Anemia in Surgery

Institutes & Services > patient-blood-management-and-utilization


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How Common is Anemia in Surgery Patients?

Studies have shown anemia is very common in patients who are planning to have elective surgery, depending on the type of problem for which they are having surgery and their overall health. Following surgery, anemia is even more common, affecting 90 out of 100 patients, due to the bleeding associated with surgery.

What Are the Effects of Anemia in Surgery Patients?

Anemia may cause symptoms including:

  • Fatigue
  • Weakness
  • Pale skin
  • Chest pain
  • Dizziness
  • Irritability
  • Numbness or coldness in your hands and feet
  • Trouble breathing
  • A fast heartbeat
  • Headache 
  • Craving ice (may be a sign of iron deficiency)

Symptoms usually develop when anemia is moderate to severe and may vary based upon the cause of the anemia. Very severe anemia may cause organ damage and death. Patients who have anemia around the time of surgery have more complications from surgery including a higher risk of infection, a longer need for breathing assistance with a machine, and higher death rates than people who do not have anemia after surgery.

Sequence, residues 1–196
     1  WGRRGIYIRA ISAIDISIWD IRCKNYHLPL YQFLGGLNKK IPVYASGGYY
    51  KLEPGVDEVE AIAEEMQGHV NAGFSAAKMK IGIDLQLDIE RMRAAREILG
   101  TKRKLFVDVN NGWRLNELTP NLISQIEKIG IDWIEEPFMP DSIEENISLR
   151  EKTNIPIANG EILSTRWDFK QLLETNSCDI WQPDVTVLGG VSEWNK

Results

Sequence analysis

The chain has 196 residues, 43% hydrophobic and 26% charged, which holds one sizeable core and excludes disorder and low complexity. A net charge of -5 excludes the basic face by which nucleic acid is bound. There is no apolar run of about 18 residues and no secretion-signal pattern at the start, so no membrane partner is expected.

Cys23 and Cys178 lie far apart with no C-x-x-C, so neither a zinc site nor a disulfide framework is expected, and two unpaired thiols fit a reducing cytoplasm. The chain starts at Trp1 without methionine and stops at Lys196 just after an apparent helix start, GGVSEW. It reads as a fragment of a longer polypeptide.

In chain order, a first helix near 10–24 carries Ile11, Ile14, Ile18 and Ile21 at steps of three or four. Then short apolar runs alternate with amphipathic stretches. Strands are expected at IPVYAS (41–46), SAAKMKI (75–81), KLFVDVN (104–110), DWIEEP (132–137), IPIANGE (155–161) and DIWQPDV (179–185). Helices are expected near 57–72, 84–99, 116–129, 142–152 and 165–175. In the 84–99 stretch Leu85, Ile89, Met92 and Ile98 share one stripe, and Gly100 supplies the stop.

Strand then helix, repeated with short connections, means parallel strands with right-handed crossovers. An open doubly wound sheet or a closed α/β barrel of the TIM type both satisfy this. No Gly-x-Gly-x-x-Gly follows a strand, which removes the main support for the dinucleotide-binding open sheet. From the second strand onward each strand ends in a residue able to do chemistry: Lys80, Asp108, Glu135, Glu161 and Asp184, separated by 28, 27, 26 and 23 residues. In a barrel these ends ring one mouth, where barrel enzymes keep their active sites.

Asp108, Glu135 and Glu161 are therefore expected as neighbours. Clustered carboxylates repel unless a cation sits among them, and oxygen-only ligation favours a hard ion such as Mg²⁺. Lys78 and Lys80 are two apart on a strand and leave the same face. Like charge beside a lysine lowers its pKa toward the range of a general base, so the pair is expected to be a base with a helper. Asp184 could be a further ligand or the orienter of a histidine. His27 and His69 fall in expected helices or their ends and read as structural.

Severe anemia associated with surgery is often treated with blood transfusions, which may be life-saving, but there are possible complications associated with transfusions. The chance of needing transfusions is increased in surgeries which cause a lot of blood loss. The chance of needing transfusions is also increased in patients who are anemic before undergoing the surgery.

Patients who have transfusions around the time of surgery have higher complication rates, hospital stays and death rates than those who do not require transfusion. Studies have shown that patients with anemia who require elective major surgery and have their anemia evaluated and treated before the surgery have a significantly lower chance of needing transfusions. By treating the anemia beforehand, we hope to improve your chances of a good outcome from surgery.

What Treatments are Available to Help Me?

Medicines that stimulate the production of red blood cells have been approved to treat pre-surgery anemia and have been shown to reduce transfusions in anemic patients whose surgery causes large amount of blood loss. These medicines work best when given several weeks before surgery, so it is important to identify, evaluate and treat anemia as soon as possible when surgery is planned. Your doctor may also give other treatments based on what is causing your anemia.

Preparing for Your Anemia Clinic Visit:

  1. Bring a list of all medications and supplements you take to your appointment.
  2. Make a list of any major stresses you ar experiencing or recent life changes.
  3. Bring a list of all symptoms you are experiencing.
  4. Bring a list of all questions you have for the doctor.

 

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